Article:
Do you bank online? I resisted for a long time but finally gave in. My first concern was security. After all, there are tens of dollars in my account and some Serbian computer hackers could fill an entire CD with iTunes songs if they ever got their hands on my money. But those fears were calmed once I saw the padlock icon in the bottom left-hand corner of the bank’s Website. Gosh, that made me feel SO much better.
Having overcome that issue, I began my online banking experience. Now, the benefit of managing your money this way is primarily the ease of paying bills. No more stamps and check writing and addressing envelopes.
Nope. An invoice comes in, gets entered and a pay date is set. That’s it. Voila! I don’t have to think about it again.
But that’s on the other end of this process. In order to get there, I had to endure a lot of data entry. Data. Ugh! Sure, I do business with Sprint and Verizon Wireless, but where did I keep the copy of that last bill? I need it because it has the address and the all-important account number. I have only about 30 vendors, but the experience of entering all of that friggin’ data can be summed up in three words.
Off and on, it must have taken me two hours to enter all of my information. OK, my Dyslexia didn’t help, and why do companies insist on using “O” and “0” in the account number? That’s just cruel.
But after a week or so of preparation, I was ready to send my first check. Cool! Verizon Wireless. $133.85. Due October 20, 2010. Enter. Done!
OMG! I love this! I won’t ever go back to traditional bill payment. Despite the awkward and annoying setup process, I can honestly say that my bank has me locked up. Man, I don’t ever want to go through that again! For now, there are no fees but even if they added them, I’d still hang on. Yup, they own me because they own my data.
Get it? Do you see why you need to get into variable data printing? You just endured 357 words of my telling a seemingly pointless story. Hopefully, you can see the connection between it and the point I am trying to make. If so, skip to the witty ending. If not, let me ’splain it for you, Lucy...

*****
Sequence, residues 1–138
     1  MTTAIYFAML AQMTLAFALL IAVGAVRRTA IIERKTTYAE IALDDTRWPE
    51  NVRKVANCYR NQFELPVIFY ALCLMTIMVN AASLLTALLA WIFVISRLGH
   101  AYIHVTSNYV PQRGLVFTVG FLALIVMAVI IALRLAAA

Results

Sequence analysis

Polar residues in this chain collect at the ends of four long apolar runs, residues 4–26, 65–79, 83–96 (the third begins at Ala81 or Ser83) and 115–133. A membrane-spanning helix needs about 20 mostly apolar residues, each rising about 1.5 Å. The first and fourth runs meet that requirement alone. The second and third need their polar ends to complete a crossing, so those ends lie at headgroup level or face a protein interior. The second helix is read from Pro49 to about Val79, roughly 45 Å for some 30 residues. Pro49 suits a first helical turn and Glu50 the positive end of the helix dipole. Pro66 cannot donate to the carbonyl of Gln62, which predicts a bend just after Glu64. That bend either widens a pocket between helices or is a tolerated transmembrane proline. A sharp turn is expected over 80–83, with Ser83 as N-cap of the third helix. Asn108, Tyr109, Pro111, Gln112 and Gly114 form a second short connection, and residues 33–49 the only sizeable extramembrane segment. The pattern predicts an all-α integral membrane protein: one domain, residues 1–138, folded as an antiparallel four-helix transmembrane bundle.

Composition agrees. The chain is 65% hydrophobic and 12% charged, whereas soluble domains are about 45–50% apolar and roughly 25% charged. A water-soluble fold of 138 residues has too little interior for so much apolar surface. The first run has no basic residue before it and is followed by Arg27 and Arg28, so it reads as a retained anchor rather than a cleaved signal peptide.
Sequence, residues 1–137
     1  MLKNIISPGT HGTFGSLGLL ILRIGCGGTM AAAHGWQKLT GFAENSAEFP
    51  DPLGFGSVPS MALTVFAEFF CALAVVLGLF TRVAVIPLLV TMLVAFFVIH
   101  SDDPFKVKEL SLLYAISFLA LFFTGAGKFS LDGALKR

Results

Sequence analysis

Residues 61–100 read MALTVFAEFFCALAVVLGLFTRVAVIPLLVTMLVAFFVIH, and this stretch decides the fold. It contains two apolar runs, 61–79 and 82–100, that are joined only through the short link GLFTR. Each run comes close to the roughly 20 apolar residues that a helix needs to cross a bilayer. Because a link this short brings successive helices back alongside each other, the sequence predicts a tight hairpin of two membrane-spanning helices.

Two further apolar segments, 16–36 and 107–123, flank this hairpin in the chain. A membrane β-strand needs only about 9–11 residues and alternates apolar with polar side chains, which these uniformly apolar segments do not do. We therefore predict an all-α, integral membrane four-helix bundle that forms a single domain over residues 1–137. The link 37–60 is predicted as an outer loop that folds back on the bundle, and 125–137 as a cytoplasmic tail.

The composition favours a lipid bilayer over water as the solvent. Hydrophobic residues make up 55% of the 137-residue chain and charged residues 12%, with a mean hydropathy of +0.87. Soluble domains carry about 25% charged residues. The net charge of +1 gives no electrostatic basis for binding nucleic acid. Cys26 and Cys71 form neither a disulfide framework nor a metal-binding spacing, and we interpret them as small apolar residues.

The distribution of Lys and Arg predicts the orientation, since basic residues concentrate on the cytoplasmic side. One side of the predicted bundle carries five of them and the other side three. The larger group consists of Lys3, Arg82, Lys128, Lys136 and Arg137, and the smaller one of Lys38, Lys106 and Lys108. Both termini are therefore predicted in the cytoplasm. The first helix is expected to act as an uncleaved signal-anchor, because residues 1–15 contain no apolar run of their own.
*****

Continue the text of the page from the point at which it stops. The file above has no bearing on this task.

The biggest issue with VDP is the data. Companies typically have horrible databases. They are either outdated or just plain wrong. (Case in point, I received a letter addressed to an employee who worked for me during the Bush administration. That Bush, the father!)
Massaging and correcting those files would certainly be a lot of work. Getting them to flow into a printed document successfully adds an additional challenge and more time. But after all that is said and done—and the customer sees the power of printing to the needs and preferences of the individual and gone through the headaches of trial and error—after all of that, they will not want to go anywhere else for their printing. You now own their data. You now have staked out the intellectual territory of being THE Expert in their minds. You now own the customer.
The process of, well, processing variable data printed piece is tedious and time-consuming. The vendors lied to us when they said there was an untapped market. I began talking about it in 1992 and I knew that it was going to take a long time to catch on. Here we are 18 years later and it is still like sex in high school—everyone thinks everyone else is doing it, but in reality not many are and those who are, aren’t doing it very well.
Those who are have an advantage over those who aren’t and this, too, can be summed up in three words:
“Own the printing plates, own the customer.” is now “Own the file, own the customer.” The future of the printing industry belongs to the technically superior. I know you love your presses, digital or otherwise, but let me clue you in to something: It’s not your iron that makes you different anymore. It’s your ability to handle the digital file.
You want to keep convincing customers that they need to handwrite checks to do business with your company, be my guest. But your checks can’t do anything that the other guy’s checks can’t. By teaching your clients the value of online banking, you’ll lock them in as a customer for a long time. That should keep the bank manager happy.
And just think, you didn’t have to give away one toaster!
Witty ending delivered. Bill Farquharson and fellow PI Blogger Kelly Mallozzi have a “Hot Markets” webinar coming up on October 27. Check it out at www.aspirefor.com/Aspire_For/PI_Hot_Markets_Webinar.html